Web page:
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There is more, of course — fabulous choral music, chamber music, and vocal works of an intensity and humanity to rank with his great hero Schubert, and his great public statement of pacifist conviction, the War Requiem.

Britten and Modernism

As a child in the s, he wrote for, and accompanied, his mother, a gifted amateur singer; and for over 30 years he composed for the voice of his life partner, the tenor Peter Pears — , with whom he formed one of the most celebrated and influential musical partnerships of the last century. They retain a significant position in the song repertoire, quite the equal of any of the great lieder composers of the 19th century, of whose repertoire Pears and Britten were leading exponents.


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Tit for Tat Tit for Tat , five settings of poems by Walter de la Mare, was composed between and , and revised during the summer of In his prefatory note, Britten explained that:. In the latter piece John Bridcut notes Britten quoting a piece by his teacher, John Ireland — the piano piece Ragamuffin. He also notes the pieces are portraits rather than dedications.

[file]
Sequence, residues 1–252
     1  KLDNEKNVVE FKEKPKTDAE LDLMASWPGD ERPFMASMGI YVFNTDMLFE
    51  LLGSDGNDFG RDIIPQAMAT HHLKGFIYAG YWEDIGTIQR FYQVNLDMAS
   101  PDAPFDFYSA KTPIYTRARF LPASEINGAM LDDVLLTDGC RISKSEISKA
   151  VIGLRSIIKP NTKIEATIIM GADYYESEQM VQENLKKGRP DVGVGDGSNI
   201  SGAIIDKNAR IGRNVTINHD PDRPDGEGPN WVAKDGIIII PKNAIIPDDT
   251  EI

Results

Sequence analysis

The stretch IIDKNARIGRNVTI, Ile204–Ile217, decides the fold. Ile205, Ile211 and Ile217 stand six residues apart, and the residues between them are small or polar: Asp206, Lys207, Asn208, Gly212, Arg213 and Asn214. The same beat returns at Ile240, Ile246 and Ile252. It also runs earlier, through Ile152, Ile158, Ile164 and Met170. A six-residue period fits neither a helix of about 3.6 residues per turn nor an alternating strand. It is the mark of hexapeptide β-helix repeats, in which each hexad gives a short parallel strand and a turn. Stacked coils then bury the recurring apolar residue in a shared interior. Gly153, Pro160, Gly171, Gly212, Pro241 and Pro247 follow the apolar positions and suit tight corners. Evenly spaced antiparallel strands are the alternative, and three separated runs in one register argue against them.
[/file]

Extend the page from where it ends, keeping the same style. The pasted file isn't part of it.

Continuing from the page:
Benjamin Britten - In Their Own Words: 20th Century Composers

A Charm of Lullabies , Op. In December he composed A Charm of Lullabies for the mezzo-soprano Nancy Evans, who, in the late s, was a member of his inner circle and a leading member of the English Opera Group. The work brings together an anthology of diverse texts unified by the themes of night and sleep. While a sequence of lullabies might easily have led to a somewhat monotonous atmosphere, Britten avoids this trap by varying throughout the types of cradlesongs on offer. In July , while in the United States, Britten received a four-hundred dollar commission from an American patroness, Mrs.